Drug Dumping (by Mark Thomas)
The hunting with hounds’ bill still has problems though. Firstly it is being cynically used to pay off backbenchers and avoid scrutiny of the more pressing issue of British troops going to Afghanistan. Who in the absence of Al Quaida forces will be providing the US military with something to shoot at. Secondly, once fox hunting is abolished what is to be done with groups of hoorays that will still want to charge around on their horses? The answer to both these problems could be solved if instead of troops we dispatched the foxhunters to Afghanistan. After all it is the thrill of the chase they claim to enjoy. What could be more thrilling than galloping around the mountains and caves of bin Laden territory and calling in the terriers to dig out those pesky Taliban who burrow in.
The hunting hoorays would probably not be the first unwanted gifts fobbed onto the citizens of Afghanistan. It is likely that the US aid effort involves a practice known as "drug dumping," , where pharmaceutical companies manage to offload unsaleable stock as charitable donations.
"Drug dumping" has been around since the US tax laws made it profitable for pharmaceutical companies to "donate" their unwanted wares to the developing world, in return for tax credits. There are several formulas for calculating these tax credits but even the method that gives the smallest financial gain to the company still means they get to offset twice the cost of the drugs against tax. Given that the company would have to pay for the safe disposal of unwanted or unusable drugs in controlled and regulated incineration, the financial gains for "donations" start to mount up. So if a company has a product that isn’t selling well or they need the warehouse space it makes sense to donate.
In practice the tax laws have lead to large quantities of out of date, short dated or inappropriate drugs ending up in emergency zones. One of the most infamous cases was the dumping of appetite stimulants in a famine stricken Sudan. Short of flying to Sudan and gorging on a gourmet meal in front of families as they starved to death I can think of nothing that can compare to the contempt the donating company had for human life. The fact the US tax payer probably financed this corporate snuff side show adds insult to injury. Nor is this an isolated example. Bosnia had so much unwanted, short dated or inappropriate drugs dumped on them during the conflict that they had to pay out $34 million to build an incinerator to dispose of the pharmaceutical companies philanthropic impulses. When Kosovans fled the bombs, and attacks on their families and homes, to refugee camps in Albania the US drug companies must have skipped around their boardrooms in delight at the prospect of clearing their shelves once again. In the Albanian makeshift camps 10 tonnes of depilatory cream and haemorrhoid cream were dumped. Surely there is nothing a woman fleeing from murder mayhem and burning houses would want less than hair remover. Maybe I’m wrong and the human impulse to survive and protect offspring comes second to the removal of unwanted leg stumble and bikini line maintenance. If I am wrong let me be the first to offer my services to Amnesty Internationals forthcoming benefit for Immac Aid.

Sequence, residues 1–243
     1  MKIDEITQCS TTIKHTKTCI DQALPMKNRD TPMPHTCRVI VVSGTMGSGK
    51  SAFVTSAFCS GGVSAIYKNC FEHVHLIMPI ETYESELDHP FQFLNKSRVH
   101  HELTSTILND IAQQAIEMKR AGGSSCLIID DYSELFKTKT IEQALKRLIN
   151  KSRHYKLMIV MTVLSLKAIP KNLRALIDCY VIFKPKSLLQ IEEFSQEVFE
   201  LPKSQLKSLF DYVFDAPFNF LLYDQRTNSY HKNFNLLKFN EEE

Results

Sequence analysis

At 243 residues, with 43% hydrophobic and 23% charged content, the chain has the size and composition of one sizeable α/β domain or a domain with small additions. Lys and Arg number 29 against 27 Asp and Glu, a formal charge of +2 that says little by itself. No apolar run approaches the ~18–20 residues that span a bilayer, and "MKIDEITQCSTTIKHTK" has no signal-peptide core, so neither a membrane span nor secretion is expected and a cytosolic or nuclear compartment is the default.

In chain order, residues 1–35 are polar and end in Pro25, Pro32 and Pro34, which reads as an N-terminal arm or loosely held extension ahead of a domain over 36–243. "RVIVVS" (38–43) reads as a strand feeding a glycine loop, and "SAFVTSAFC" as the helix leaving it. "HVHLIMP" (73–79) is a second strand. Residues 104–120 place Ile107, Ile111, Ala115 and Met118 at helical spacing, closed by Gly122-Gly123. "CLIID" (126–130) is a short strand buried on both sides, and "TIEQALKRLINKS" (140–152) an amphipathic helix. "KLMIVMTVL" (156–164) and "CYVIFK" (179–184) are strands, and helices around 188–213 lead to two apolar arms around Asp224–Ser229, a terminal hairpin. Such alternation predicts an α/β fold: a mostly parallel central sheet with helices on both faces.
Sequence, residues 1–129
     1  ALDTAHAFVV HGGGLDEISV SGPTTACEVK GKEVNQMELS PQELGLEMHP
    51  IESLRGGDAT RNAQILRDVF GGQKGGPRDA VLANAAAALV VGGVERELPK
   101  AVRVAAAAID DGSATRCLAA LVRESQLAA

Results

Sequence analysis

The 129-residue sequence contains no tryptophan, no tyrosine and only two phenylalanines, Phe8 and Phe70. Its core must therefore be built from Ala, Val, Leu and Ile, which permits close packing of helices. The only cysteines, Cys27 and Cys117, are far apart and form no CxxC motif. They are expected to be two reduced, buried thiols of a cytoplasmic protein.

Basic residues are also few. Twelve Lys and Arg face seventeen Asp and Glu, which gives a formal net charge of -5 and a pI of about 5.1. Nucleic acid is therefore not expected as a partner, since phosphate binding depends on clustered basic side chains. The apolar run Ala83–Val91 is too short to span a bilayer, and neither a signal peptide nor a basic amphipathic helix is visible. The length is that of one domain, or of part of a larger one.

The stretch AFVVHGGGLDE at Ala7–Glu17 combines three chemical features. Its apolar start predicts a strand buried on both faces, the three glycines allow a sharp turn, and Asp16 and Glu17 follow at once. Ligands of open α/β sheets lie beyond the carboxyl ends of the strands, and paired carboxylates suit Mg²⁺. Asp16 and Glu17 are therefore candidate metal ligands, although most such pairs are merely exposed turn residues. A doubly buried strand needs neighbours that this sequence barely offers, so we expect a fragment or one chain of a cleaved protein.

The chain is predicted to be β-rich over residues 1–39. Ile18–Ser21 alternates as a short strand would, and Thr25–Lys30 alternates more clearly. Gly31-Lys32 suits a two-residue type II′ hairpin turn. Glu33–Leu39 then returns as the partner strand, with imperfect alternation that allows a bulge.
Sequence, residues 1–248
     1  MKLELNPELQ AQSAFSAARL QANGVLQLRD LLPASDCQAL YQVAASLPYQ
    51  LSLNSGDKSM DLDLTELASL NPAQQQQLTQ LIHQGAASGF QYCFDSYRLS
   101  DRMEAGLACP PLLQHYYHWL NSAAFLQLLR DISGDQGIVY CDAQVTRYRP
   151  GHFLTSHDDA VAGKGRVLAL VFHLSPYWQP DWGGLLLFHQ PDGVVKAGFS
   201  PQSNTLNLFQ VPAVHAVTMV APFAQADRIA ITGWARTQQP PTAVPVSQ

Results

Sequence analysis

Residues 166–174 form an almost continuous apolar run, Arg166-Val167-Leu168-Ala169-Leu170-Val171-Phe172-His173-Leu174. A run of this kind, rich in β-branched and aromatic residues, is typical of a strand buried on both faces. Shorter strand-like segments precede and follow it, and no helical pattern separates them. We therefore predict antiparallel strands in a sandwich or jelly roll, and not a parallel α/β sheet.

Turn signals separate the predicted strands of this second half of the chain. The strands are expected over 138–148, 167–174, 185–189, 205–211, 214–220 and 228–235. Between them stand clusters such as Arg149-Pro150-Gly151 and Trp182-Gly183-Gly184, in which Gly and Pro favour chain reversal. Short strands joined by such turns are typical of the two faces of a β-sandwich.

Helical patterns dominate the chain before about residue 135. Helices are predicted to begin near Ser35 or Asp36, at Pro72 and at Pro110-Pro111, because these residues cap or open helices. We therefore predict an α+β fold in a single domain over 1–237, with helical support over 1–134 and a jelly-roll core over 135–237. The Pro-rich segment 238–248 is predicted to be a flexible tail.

Short dated drugs are ones that can still be used, if they have been previously purchased but can not be sold in the US, they are between the sell by and expiry dates. These are a popular donation. Perhaps the biggest donation of this type was made by Eli Lilly and Co who sent six million Ceclor CD tablets, an antibiotic that had not received licensing in the US, to Rwanda. The tablets were past their sell by date, even if they had had a license to be sold. The company’s press release said "this is yet another example of Lilly’s commitment to giving , especially in times of human tragedy."
Last budget Gordon Brown announced a series of measures to improve the health of the developing world, including a tax credit scheme that would enable UK pharmaceuticals to offset donations against tax. Many will find the prospect of helping out some of the richest companies on earth dump their unwanted crap on the most vulnerable people on the earth sickening. To prevent this the companies should get no more than the cost of the drug in tax credits and the World Health Organisation guidelines on drug donations should be incorporated into the legislation. Brown should remember that it is easier to pass a good law than amend a bad one.
Also printed in The New Statesman. Mark Thomas is the Co-author of a War on Want report on drug dumping and also appears on Channel 4 show this Wednesday at 11pm.